U.S. Envoy: Bin Laden May Not Be Controlling Al Qaeda

Usama bin Laden may no longer have operational control of his terrorist network, the U.S. ambassador to Pakistan said Monday.

Ryan Crocker said bin Laden cannot communicate with his followers because he likely is hiding in a remote area, Pakistan's Geo Television and state-run PTV reported after the ambassador met with local journalists.

U.S. Embassy spokesman Peter Kovach, who was at the gathering, confirmed the substance of the reports. He said the comments were made at a lunch for senior Pakistani journalists.

Neither station broadcast a tape of the remarks, and Kovach said he had no recording, either.

According to Geo, Crocker also doubted suggestions that bin Laden's deputy, Ayman al-Zawahiri, had effective control of Al Qaeda, saying the fact that he issues occasional video and audiotaped statements does not prove anything.

The Al Qaeda No. 2 was last heard from on a tape that surfaced Sunday, urging all Muslims to take up arms and saying a refusal to join the fight against Jews and Christians would lead to the defeat of militant Islam.

He said the global Islamic community had "no hope for victory" until all Muslims signed on to the Al Qaeda-led jihad. His comments were contained in a 48-minute tape entitled "Impediments to Jihad."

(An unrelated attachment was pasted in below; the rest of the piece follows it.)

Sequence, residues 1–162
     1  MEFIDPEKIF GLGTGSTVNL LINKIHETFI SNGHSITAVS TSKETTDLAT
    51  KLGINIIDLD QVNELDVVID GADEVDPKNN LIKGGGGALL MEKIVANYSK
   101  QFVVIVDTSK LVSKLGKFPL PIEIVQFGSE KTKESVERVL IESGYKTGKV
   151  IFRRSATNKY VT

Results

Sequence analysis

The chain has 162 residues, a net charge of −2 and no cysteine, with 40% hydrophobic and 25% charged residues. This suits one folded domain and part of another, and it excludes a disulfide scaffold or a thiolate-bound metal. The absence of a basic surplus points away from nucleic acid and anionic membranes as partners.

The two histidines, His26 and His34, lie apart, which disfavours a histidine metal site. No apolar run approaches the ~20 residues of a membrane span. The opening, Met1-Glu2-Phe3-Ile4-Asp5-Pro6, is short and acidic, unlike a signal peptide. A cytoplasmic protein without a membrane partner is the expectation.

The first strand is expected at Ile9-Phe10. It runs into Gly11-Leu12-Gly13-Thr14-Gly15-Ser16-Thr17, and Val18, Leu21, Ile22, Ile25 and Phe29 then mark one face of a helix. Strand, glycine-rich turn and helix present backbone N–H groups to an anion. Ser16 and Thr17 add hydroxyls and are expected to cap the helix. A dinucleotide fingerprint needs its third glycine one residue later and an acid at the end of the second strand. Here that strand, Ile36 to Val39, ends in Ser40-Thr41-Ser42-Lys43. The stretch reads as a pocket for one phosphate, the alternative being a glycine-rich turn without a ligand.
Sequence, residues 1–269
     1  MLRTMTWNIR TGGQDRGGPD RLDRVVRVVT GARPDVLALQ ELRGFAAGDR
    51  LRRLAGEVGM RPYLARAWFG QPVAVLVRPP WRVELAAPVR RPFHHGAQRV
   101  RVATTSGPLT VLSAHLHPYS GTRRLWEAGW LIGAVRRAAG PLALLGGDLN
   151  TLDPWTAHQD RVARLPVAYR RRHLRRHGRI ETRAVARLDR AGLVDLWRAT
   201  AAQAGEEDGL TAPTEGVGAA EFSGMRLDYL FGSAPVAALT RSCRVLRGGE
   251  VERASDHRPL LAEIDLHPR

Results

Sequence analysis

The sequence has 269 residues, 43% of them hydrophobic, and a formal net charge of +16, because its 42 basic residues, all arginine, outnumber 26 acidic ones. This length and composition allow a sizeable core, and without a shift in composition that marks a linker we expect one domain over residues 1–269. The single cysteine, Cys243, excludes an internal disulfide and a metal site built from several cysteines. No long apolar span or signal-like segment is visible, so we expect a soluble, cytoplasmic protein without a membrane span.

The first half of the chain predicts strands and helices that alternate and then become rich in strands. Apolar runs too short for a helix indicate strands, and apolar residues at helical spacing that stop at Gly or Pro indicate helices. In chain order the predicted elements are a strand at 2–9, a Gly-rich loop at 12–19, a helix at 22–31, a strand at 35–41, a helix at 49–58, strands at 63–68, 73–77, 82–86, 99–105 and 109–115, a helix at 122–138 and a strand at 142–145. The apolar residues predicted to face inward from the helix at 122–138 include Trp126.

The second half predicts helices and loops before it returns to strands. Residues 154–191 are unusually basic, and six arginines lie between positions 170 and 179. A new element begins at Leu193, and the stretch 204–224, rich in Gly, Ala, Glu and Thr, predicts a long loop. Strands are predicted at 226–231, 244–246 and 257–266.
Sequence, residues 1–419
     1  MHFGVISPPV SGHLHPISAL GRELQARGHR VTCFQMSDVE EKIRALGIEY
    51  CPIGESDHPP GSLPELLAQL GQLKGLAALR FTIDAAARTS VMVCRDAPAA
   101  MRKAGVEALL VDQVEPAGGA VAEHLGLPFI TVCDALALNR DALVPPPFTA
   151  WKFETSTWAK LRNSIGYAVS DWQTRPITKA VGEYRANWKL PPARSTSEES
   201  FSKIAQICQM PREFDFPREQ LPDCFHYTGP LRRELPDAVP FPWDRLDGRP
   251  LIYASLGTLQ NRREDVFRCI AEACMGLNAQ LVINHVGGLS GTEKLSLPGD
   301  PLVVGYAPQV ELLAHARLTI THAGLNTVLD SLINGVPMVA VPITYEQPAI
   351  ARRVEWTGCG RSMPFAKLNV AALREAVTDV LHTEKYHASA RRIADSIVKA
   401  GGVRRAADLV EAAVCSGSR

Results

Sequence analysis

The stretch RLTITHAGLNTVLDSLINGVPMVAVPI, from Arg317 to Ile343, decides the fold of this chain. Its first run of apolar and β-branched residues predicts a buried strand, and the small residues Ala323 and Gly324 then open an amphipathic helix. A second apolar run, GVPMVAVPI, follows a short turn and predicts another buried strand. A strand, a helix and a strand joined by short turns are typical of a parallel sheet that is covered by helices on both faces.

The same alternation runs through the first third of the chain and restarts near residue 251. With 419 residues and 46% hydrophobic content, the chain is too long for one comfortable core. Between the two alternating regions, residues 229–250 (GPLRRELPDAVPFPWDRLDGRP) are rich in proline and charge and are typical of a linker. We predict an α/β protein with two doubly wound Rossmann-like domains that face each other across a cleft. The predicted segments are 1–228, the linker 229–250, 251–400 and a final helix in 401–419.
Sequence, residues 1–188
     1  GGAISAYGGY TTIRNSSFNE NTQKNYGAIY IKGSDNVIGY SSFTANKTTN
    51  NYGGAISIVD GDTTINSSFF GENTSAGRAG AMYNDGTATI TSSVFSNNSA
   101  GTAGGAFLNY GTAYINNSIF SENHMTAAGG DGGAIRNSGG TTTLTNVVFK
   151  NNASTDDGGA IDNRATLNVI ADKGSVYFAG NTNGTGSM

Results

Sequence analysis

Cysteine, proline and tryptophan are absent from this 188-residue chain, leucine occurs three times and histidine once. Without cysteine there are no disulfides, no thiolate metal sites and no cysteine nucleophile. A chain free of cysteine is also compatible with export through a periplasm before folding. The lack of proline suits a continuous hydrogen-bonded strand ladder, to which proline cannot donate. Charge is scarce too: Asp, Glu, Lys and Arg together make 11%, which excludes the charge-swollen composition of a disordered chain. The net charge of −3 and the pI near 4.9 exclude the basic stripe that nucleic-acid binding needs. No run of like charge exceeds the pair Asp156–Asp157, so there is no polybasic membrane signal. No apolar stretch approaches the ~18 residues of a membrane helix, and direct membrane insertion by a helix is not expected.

The video portion of the tape was a still photo of a white-turbaned al-Zawahiri with English subtitles running under it. The audio appeared to be his voice speaking Arabic.

It was impossible to verify the authenticity of the tape.

Bin Laden and al-Zawahiri are believed to be hiding in the mountainous area between Pakistan and Afghanistan, though there has been no hard evidence of their whereabouts for years.

Bin Laden has long been considered by intelligence officials and terrorism experts to be more of an inspirational figure and financial backer for Al Qaeda, with day-to-day operations falling to underlings, including al-Zawahiri.

Crocker's comments follow similar ones last week by Saudi Arabia's ambassador to Washington, Prince Turki bin al-Faisal.

Turki, a former director of the Saudi intelligence service, said he believes bin Laden is alive but there is some question about whether he still leads Al Qaeda. Bin Laden has not been heard from since an audiotape released in December 2004.

President Gen. Pervez Musharraf said last week he did not know whether bin Laden was dead or alive, and he would not speculate.

In October, the head of the National Counterterrorism Center, retired Vice Adm. Scott Redd, said bin Laden cannot communicate with his followers the way he had in the past because "the more you communicate ... the more vulnerable you are."

Crocker also said he had no confirmation of the reported killing in northwestern Pakistan of Al Qaeda leader Hamza Rabia, though he added that he had no reason to doubt Musharraf's assurances that Rabia was dead.

Rabia reportedly died in a Dec. 1 explosion in Pakistan's North Waziristan tribal region along with two other alleged Syrian bodyguards. Pakistani officials said the blast was caused by bomb-making activities.

But local residents said Rabia died in a missile attack and parts of what appeared to be a missile were found at the site, but neither Pakistani nor American officials have confirmed that version.